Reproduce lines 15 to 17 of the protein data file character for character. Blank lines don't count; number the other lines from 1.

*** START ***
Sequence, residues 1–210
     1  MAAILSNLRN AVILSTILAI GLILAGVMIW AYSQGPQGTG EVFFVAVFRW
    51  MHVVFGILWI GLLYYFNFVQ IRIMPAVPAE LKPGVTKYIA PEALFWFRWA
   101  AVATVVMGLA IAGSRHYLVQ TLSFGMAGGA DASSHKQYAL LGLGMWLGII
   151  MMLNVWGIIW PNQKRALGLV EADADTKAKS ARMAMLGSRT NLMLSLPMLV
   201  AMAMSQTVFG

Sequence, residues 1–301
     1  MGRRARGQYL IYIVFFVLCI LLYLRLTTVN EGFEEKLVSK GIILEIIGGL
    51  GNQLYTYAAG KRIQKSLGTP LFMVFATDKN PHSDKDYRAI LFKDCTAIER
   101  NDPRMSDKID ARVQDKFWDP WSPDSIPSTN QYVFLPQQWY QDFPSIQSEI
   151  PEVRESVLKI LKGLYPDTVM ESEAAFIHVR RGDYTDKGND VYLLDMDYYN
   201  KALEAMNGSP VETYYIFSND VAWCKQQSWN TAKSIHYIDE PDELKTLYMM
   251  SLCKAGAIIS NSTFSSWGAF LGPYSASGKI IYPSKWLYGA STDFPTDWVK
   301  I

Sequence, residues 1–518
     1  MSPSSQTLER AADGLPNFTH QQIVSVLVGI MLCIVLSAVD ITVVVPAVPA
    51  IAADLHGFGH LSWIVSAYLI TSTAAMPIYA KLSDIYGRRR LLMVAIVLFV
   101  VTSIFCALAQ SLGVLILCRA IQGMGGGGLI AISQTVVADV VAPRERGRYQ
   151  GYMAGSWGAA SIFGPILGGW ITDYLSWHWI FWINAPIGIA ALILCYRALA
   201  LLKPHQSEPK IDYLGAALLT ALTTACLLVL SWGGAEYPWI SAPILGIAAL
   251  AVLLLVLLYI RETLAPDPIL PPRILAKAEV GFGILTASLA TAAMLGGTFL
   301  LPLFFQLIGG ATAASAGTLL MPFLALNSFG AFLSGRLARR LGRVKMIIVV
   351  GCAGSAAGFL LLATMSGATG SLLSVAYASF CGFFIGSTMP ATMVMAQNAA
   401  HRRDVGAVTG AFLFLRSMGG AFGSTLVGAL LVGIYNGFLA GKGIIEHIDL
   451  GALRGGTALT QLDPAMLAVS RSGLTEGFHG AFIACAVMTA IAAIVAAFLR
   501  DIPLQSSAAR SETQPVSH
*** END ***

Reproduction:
Sequence, residues 1–518
     1  MSPSSQTLER AADGLPNFTH QQIVSVLVGI MLCIVLSAVD ITVVVPAVPA
    51  IAADLHGFGH LSWIVSAYLI TSTAAMPIYA KLSDIYGRRR LLMVAIVLFV